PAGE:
Español
Questions About Cancer? 1-800-4-CANCER
  • Print
  • Email
  • Facebook
  • Twitter
  • Google+
  • Pinterest

New Targeted Therapy for Solid Tumors and Lymphomas

Name of the Trial

Phase I Study of 17-Dimethylaminoethylamino-17-Demethoxygeldanamycin (17-DMAG) in Patients with Advanced Solid Tumors or Lymphoma (NCI-04-C-0218). See the protocol summary.

Principal Investigator

Dr. Martin Gutierrez, NCI's Center for Cancer Research.

Why Is This Trial Important?

Heat shock proteins (HSPs) are found in every cell of the body. HSPs help cells survive stressful conditions (including heat, cold, nutrient starvation, and oxygen deprivation) by protecting other proteins. Under non-stressful conditions, HSPs help proteins achieve and maintain their proper shape. Researchers at NCI are investigating a particular HSP, called HSP-90, as a target for cancer therapy. Many of the proteins implicated in cancer development need HSP-90 to help them achieve their correct functional shape and cellular location.

In this trial, researchers are studying 17-DMAG, an HSP-90 inhibitor developed by the NCI, to see if it can help prevent cancer cells from growing in patients with solid tumors or lymphomas. The trial will also be used to determine the maximum dose of 17-DMAG that can be given to patients and examine what side effects the drug may cause.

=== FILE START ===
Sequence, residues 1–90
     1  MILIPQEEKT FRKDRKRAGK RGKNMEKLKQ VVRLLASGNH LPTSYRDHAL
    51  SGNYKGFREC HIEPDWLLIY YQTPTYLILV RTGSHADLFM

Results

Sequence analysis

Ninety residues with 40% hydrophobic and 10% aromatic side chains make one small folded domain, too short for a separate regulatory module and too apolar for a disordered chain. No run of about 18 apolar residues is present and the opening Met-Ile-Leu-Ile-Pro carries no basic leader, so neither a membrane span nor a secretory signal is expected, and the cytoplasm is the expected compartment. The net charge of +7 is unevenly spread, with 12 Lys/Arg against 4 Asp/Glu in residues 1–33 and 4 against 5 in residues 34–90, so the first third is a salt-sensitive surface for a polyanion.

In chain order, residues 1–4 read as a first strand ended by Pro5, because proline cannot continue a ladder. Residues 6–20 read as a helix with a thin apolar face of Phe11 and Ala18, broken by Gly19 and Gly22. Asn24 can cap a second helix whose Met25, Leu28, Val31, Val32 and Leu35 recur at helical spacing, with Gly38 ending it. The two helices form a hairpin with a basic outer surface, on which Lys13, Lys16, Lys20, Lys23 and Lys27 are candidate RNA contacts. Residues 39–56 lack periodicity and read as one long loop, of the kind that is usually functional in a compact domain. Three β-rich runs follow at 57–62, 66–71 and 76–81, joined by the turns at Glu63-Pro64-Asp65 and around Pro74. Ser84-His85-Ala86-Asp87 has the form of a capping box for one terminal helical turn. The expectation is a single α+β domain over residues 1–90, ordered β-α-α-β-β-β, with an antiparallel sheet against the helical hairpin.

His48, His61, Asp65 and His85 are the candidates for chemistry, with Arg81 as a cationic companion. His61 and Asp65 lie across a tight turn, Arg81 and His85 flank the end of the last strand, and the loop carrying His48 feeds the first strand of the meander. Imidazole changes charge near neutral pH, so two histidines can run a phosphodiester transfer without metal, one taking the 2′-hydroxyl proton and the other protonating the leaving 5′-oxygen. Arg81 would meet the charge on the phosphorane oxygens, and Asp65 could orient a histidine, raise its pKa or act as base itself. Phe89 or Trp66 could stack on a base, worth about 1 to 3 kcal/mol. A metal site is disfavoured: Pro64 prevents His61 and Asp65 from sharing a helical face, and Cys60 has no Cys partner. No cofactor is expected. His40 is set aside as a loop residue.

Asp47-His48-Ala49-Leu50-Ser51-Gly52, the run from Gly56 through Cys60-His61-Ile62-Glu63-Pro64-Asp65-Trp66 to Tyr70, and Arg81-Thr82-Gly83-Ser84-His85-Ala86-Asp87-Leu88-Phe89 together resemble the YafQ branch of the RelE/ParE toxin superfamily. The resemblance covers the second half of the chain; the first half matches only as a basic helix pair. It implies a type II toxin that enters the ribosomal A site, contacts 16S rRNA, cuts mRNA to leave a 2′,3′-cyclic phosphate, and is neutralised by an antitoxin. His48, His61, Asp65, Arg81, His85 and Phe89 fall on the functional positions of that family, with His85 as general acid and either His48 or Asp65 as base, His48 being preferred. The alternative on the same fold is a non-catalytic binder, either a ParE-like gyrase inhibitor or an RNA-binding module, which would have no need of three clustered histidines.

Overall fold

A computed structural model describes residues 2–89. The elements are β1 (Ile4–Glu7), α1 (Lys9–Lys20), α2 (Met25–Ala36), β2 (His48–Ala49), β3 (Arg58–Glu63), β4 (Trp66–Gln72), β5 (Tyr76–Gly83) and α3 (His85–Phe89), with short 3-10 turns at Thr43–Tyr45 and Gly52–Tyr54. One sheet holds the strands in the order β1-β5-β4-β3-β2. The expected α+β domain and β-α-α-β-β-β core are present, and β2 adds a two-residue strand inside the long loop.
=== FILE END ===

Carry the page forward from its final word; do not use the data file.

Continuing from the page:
"Preclinical research results suggest that inhibiting HSP-90 will alter many of the protein pathways in tumor cells and may result in tumor cell death," said Dr. Gutierrez. "This is the first test of 17-DMAG in humans, and so far, the drug has been well tolerated.

"We think that 17-DMAG's mode of action may represent an important new approach in the treatment of many types of cancer."

Contact Information

This clinical trial is no longer accepting new patients. To locate other clinical trials for solid tumors or lymphoma, search the NCI database of clinical trials or call the NCI Clinical Trials Referral Office at 1-888-NCI-1937. The call is toll free and confidential.

  • Posted: August 10, 2004
  • Updated: July 18, 2007